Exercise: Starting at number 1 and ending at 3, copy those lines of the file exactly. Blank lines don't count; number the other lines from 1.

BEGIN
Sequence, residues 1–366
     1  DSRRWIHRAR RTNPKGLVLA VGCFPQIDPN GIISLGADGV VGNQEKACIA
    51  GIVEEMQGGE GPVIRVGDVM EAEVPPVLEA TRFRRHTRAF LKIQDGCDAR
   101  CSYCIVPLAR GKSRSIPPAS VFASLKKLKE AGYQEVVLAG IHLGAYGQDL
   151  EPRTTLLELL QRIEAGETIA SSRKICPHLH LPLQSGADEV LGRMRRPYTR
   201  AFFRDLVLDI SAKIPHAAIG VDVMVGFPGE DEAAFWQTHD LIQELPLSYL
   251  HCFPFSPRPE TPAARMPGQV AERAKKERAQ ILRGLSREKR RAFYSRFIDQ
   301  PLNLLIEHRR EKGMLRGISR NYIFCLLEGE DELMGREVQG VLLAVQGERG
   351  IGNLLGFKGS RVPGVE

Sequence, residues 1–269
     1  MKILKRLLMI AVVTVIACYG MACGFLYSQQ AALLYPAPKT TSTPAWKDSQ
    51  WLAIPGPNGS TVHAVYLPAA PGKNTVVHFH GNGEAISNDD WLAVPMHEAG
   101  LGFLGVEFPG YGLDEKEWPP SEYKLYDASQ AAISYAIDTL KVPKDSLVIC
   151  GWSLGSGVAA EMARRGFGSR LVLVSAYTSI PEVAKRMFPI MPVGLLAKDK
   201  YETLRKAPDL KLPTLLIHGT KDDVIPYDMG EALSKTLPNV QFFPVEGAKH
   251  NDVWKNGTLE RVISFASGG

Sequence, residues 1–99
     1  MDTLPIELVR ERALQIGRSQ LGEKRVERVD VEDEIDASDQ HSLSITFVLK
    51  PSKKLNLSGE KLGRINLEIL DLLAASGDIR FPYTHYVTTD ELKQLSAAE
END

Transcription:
Sequence, residues 1–366
     1  DSRRWIHRAR RTNPKGLVLA VGCFPQIDPN GIISLGADGV VGNQEKACIA
    51  GIVEEMQGGE GPVIRVGDVM EAEVPPVLEA TRFRRHTRAF LKIQDGCDAR